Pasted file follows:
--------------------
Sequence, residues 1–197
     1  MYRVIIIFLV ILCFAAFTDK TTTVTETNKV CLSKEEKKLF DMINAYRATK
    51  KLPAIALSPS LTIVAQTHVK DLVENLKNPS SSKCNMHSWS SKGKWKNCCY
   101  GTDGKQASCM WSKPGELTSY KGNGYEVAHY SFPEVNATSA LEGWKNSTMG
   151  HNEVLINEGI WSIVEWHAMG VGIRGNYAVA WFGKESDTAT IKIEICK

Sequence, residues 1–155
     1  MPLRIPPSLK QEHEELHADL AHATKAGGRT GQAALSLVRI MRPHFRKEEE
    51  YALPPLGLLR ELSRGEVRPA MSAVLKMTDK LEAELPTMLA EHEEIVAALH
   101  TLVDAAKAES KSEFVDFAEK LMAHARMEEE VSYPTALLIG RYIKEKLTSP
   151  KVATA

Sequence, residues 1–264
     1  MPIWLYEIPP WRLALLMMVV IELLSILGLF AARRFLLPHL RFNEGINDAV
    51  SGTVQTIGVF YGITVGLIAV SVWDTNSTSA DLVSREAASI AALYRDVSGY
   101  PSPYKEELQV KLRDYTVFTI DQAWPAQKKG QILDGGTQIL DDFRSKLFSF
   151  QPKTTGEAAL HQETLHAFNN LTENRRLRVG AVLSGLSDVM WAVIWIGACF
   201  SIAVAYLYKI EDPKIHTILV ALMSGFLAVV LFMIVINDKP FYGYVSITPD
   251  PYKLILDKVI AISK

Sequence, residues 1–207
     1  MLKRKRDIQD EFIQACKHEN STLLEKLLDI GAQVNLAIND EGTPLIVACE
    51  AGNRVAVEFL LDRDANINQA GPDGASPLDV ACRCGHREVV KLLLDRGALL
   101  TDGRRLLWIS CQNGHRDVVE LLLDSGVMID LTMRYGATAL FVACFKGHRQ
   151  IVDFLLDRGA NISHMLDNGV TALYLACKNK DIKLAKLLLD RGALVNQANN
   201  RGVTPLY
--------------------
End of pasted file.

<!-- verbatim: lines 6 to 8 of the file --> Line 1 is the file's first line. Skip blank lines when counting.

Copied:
Sequence, residues 1–155
     1  MPLRIPPSLK QEHEELHADL AHATKAGGRT GQAALSLVRI MRPHFRKEEE
    51  YALPPLGLLR ELSRGEVRPA MSAVLKMTDK LEAELPTMLA EHEEIVAALH